Explosive and Flammable Facilities


There are inherent potential dangers associated with locating HUD-assisted projects near hazardous facilities which store, handle, or process hazardous substances of a flammable or explosive nature. Project sites located too close to facilities handling, storing or processing conventional fuels, hazardous gases or chemicals of an explosive or flammable nature may expose occupants or end-users of a project to the risk of injury in the event of an explosion.

To address this risk, regulations at 24 CFR part 51 subpart C require HUD-assisted projects to be separated from these facilities by a distance that is based on the contents and volume of the aboveground storage tank, or to implement mitigation measures.

HUD Guidance

When considering explosive and flammable facilities in the context of HUD-assisted projects, two lines of inquiry are appropriate:

1. Aboveground stationary storage tanks near the project

Does this project include any of the following activities: development, construction, rehabilitation that will increase residential densities, or conversion?

If so, within 1 mile of the project site, are there any current or planned stationary aboveground storage containers:

  • Of more than 100 gallon capacity, containing common liquid industrial fuels OR 
  • Of any capacity, containing hazardous liquids or gases that are not common liquid industrial fuels?

For a list of common industrial fuels, consult Appendix I of the Regulation and HUD’s guidebook “Acceptable Separation Distance.” Stationary aboveground containers that store natural gas and have floating tops are excluded from 24 CFR 51, Subpart C as well as underground storage containers, mobile conveyances (tank trucks, barges, rail road tank cars), and pipelines, such as high pressure natural gas transmission pipelines or liquid petroleum pipelines.  Aboveground storage tanks that are part of a 1-4 unit single-family FHA-insured property are also excluded.

Aboveground storage tanks containing liquified petroleum gas (“LPG” or propane) are also excluded from coverage when they are 1,000 gallons or less in volume and comply with the National Fire Protection Association Code 58, in a version no earlier than 2017 (NFPA 58 (2017)).  Further guidance on the exclusion for LPG and propane is provided in the fact sheet H1, FR-6054-F-02 Conforming the Acceptable Separation Distance (ASD) Standards for Residential Propane Tanks to Industry Standards.

Is the Separation Distance from the project acceptable based on standards in the regulation?

For proposed development activities in proximity to aboveground storage tanks (ASTs) that are not excluded by the exceptions listed above, the Acceptable Separation Distance (ASD) can be calculated based on the volume of the container, the contents, and whether or not the container is diked. Once the volume of the container (gallons), dike dimensions, and phase of state of the product (liquid or gas) are known, the ASD can be calculated using the electronic calculator.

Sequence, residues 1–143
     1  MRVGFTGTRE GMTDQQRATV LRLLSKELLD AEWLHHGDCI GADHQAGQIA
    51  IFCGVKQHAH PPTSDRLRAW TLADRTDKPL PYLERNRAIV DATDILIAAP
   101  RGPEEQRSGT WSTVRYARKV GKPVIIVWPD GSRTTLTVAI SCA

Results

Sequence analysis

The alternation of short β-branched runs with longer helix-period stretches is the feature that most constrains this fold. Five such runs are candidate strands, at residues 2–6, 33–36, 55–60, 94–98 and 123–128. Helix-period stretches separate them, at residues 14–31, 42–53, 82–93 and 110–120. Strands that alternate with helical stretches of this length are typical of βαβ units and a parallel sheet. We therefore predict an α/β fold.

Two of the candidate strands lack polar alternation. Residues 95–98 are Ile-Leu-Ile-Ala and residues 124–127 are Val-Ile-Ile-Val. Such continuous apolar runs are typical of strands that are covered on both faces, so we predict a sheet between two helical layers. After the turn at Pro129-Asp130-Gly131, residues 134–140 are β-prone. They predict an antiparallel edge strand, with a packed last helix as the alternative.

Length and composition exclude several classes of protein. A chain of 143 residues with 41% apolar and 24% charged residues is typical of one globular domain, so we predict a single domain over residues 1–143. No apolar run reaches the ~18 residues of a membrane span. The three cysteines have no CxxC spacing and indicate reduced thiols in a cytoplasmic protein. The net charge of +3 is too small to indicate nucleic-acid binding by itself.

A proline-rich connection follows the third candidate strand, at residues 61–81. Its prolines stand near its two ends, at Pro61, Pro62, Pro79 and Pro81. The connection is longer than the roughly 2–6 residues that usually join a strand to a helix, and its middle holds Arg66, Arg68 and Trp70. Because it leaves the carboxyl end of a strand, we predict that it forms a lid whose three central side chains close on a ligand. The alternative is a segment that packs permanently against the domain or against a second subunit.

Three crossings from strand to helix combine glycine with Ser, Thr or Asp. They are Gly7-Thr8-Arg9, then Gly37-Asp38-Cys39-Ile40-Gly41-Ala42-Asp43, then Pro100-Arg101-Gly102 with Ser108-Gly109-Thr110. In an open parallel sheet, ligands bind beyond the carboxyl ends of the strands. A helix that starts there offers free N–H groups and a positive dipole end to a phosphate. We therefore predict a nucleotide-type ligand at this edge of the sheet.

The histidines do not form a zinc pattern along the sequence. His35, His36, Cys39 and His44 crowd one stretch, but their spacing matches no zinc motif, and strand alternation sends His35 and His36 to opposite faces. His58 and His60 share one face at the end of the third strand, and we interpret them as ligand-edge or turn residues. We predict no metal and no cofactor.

The ASD is measured from the center of the assessed container to the perimeter of the proposed HUD–assisted project site. If the ASD is not met, mitigation is required, or another site must be considered. Mitigation options are discussed in the HUD guidebook Acceptable Separation Distance.

If the separation distance is not acceptable, mitigation is required. Otherwise, the project should be moved to a different location. A technical evaluation by a licensed engineer must be conducted to determine whether an existing barrier (natural or man-made) is sufficient mitigation or to design a barrier. For more guidance on barriers and mitigation, contact Nelson Rivera, a licensed engineer at HUD, at nelson.a.rivera@hud.gov or 202-402-4455. 

2. Hazardous facilities included in the project

Does the proposed HUD-assisted project include a hazardous facility (a facility that mainly stores, handles or processes flammable or combustible chemicals such as bulk fuel storage facilities and refineries)?

If so, is the hazardous facility located at an acceptable separation distance from residences and any other facility or area where people may congregate or be present? See guidance above on calculating the ASD.

Compliance and Documentation

The environmental review record should include:

One of the following on aboveground storage tanks in proximity to the proposed HUD-assisted project site:

  • A determination that the project does not include development, construction, rehabilitation that will increase residential densities, or conversion
  • Evidence that within one mile of the project site there are no current or planned stationary aboveground storage containers except:
    • Containers less than 100-gallons capacity containing common liquid industrial fuels
    • Containers that are 1,000 gallons or less water volume capacity and in compliance with NFPA 58 (2017)
  • For all other containers within the search distance, a determination along with all supporting documentation that the separation distance of such containers from the project is acceptable
  • Documentation of mitigation verified by a licensed engineer

AND one of the following on hazardous facilities that are proposed for development using HUD assistance:

  • A determination along with all supporting documentation that the hazardous facility is located at an acceptable separation distance from residences and any other facility or area where people may congregate or be present
  • Documentation of the existing or planned barrier that would serve as sufficient mitigation, including correspondence with a licensed engineer

View Explosive and Flammable Facilities - Worksheet.

View Explosives - Partner Worksheet.